June 1, 2003

By Michael Strickland

The Baja 500

In my youth, the adventure of traveling to Baja California thrilled me. But until a month ago, I had not crossed the border since 1994. Now, I've been deep into the peninsula twice in less than 30 days. This weekend, I once again tried something new, checking out the Baja 500 off-road race for the first time. Accompanied by a 20-year veteran of off-road racing, I got a real inside glimpse of this elite sport. Meeting up with my friend Lory's brother Lee, who managed the pit crew for one of the pro trucks, we got to watch the split-second pit stops up close and personal.

This weekend's race marked the 30th anniversary of the famous competition, with 255 competitors plowing through the Baja dirt in trucks, buggies, motorcycles and quads. In terms of spectating, the event played out as somewhat of an exercise in hurry-up-and-wait, but the lulls were punctuated by moments of sheer adrenaline as high performance vehicles roared past at high speed. The so-called "trophy trucks" in particular—into which as much as $300,000 had been spent on each—inspired awe and excitement. The throb of their engines dug deep into one's bones. The skill and bravado of the drivers were most impressive, however. The racers neither slowed nor apparently even batted an eyelash as they raced through areas heavy with spectators, mere feet of space on either side of the bumpy dirt separating the people from the metal behemoths. One slightly overcompensated move or unexpected bump could quickly cause a catastrophe.

But all went well this weekend, or at least as well as one can expect when racing nearly 500 miles through rough terrain in less than 24 hours at high speed. As in every off-road race, many vehicles broke down—some mere miles from the start. The pro truck whose pit crew we accompanied had its own share of problems, which included getting stuck in the sand, getting a flat tire and having to rewire the engine's fan to keep it from overheating—but they at least were able to finish the race. Many others didn't.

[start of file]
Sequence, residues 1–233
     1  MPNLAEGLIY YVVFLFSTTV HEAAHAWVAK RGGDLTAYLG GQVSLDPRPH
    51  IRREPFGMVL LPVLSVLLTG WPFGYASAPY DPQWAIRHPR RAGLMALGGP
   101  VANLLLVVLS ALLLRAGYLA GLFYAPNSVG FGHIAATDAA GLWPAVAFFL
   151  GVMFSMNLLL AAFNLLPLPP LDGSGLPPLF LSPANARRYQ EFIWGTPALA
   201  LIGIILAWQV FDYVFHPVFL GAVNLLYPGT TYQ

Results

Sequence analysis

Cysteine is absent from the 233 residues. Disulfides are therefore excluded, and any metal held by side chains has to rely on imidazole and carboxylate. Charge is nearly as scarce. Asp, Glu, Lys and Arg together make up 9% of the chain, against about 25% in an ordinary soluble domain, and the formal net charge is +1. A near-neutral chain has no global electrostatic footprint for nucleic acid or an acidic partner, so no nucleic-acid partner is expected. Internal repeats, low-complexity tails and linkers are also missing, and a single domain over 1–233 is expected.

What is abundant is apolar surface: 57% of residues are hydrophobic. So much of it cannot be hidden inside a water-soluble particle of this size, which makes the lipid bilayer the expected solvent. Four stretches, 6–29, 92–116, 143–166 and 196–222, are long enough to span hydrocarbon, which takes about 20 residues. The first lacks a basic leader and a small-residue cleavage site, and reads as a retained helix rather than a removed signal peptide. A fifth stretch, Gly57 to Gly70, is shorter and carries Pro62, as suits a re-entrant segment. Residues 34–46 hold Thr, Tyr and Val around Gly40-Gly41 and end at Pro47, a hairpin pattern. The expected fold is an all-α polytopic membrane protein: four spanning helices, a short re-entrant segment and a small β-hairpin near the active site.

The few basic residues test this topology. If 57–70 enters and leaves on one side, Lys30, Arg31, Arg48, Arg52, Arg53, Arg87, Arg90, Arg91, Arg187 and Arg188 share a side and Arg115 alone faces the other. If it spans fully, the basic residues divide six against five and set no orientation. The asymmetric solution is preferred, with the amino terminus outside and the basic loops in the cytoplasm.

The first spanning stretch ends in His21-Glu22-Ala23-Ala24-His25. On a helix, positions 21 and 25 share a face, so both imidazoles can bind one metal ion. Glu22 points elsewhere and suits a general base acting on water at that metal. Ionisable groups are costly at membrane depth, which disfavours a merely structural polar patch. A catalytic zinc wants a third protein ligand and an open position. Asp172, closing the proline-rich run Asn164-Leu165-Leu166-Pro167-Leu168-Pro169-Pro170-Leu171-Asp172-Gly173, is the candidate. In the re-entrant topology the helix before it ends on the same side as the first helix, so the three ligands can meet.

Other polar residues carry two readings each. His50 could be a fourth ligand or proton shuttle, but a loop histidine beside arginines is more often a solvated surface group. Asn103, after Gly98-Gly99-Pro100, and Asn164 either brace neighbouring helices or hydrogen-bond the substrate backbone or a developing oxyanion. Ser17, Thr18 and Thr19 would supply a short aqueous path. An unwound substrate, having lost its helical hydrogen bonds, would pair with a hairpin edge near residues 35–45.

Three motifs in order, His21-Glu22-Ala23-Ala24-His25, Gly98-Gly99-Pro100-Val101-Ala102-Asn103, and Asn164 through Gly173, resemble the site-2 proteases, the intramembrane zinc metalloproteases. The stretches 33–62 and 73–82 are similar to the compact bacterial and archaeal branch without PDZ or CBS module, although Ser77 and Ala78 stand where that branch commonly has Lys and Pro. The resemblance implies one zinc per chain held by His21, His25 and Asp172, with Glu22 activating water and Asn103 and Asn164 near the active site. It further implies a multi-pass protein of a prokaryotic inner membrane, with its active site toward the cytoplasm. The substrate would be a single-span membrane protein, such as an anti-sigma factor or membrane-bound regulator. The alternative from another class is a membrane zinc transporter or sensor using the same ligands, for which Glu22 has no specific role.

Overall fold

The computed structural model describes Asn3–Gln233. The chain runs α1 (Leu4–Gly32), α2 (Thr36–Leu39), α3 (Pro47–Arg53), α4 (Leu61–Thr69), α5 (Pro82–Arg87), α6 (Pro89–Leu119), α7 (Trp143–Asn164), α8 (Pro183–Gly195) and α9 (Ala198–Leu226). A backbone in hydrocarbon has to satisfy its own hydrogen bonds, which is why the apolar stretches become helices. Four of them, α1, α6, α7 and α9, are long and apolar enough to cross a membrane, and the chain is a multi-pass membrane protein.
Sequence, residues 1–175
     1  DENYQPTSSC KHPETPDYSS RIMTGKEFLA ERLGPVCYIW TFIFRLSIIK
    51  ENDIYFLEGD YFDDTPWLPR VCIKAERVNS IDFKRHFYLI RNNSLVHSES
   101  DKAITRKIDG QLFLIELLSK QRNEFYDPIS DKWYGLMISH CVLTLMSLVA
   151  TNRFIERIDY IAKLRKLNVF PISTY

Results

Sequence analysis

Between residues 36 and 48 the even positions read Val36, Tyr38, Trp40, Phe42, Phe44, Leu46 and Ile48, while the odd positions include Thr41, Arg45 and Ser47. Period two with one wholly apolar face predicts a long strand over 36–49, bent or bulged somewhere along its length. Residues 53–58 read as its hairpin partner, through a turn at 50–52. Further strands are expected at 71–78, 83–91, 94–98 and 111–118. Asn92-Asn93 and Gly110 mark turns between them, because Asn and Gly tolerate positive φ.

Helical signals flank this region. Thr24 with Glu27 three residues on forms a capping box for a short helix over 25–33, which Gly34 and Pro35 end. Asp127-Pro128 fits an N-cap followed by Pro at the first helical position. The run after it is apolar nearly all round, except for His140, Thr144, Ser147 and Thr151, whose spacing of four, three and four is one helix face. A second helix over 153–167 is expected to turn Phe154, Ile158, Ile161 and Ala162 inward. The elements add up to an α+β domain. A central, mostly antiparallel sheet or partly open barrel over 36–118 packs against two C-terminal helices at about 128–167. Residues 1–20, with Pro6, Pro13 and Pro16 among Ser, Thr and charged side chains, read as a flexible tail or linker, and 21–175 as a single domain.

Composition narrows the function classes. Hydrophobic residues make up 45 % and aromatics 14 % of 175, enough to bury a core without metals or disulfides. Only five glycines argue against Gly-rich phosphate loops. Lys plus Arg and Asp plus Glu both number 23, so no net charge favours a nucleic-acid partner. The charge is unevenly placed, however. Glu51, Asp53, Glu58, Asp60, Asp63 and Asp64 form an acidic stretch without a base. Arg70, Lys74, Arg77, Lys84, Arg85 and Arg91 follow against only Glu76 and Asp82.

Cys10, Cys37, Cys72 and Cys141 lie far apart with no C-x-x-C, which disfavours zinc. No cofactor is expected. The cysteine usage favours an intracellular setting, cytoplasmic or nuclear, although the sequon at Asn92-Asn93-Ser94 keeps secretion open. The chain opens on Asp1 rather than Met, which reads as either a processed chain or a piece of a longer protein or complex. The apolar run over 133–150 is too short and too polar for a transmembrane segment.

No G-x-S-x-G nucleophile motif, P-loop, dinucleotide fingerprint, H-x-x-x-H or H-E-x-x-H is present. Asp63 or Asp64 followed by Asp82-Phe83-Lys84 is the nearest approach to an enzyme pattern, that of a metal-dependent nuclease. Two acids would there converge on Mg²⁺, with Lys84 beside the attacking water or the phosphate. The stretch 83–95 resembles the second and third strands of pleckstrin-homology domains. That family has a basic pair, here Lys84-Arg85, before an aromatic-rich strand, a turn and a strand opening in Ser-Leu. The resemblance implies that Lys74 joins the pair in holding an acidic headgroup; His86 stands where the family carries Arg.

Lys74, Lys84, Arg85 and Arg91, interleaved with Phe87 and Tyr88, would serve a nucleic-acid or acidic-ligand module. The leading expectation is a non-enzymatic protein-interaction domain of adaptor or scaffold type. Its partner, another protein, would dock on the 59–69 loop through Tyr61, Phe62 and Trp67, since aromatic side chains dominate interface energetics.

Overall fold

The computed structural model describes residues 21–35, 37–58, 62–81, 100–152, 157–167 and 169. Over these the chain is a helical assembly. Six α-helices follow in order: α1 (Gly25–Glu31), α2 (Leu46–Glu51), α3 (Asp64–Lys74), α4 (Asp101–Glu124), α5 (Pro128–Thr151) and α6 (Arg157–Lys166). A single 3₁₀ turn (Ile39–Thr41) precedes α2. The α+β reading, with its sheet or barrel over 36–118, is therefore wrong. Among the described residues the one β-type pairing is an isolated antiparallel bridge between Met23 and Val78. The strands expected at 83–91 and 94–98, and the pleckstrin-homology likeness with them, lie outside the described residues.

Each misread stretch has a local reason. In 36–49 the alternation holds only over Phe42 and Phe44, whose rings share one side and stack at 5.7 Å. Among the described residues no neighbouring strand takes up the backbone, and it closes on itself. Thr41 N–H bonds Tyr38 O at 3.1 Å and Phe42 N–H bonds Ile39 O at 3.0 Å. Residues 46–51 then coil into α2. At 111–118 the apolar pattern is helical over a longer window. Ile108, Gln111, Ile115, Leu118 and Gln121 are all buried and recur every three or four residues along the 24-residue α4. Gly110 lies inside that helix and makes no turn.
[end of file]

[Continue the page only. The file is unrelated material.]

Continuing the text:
The off-road racing community is definitely a world unto its own. Within that world, many of these racers are giants, with many victories under their belts. Thousands upon thousands of dollars get poured into these vehicles, making sailboats—which my father has often called "holes in the water into which you throw money"—look like positively practical investments. But the competitors' skill and mastery of the sport is without question. It'll be a while before the growl of those engines fades from my memory—long after I get all of the Baja dust out of my ears, to be sure.

 

©2003 Michael Strickland ALL RIGHTS RESERVED

What is "The Daily Strick"?

I have long called myself a writer, but too often I don't do what a writer must do daily: write. So you, dear reader, are the beneficiary of my resolution to make a positive change in at least one area of my life. Every single day of this new year (almost), I will write something, anything, and post it here. It is my intention to use this daily exercise to jump-start my too-long-dormant creative energies, and perhaps generate some worthwhile material this year. Hopefully you will find at least an occasional amusement or insight in my daily musings.

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June Columns:

6/30: Halfway There
6/27: 28 Days Later
6/26: I Am a Racist
6/24: America the Obese
6/23: Reality TV Sells
6/20: June Gloom
6/18: Hatch's Hollywood Hacking
6/16: Qualcomm Stadium
6/15: Happy Father's Day
6/14: Flag Day
6/13: Friday the 13th
6/12: Extreme
6/9: Spammed
6/8: Lack of PLANning
6/7: When Grass Attacks
6/4: Culture Shock
6/1: The Baja 500
Previous months in The Archive

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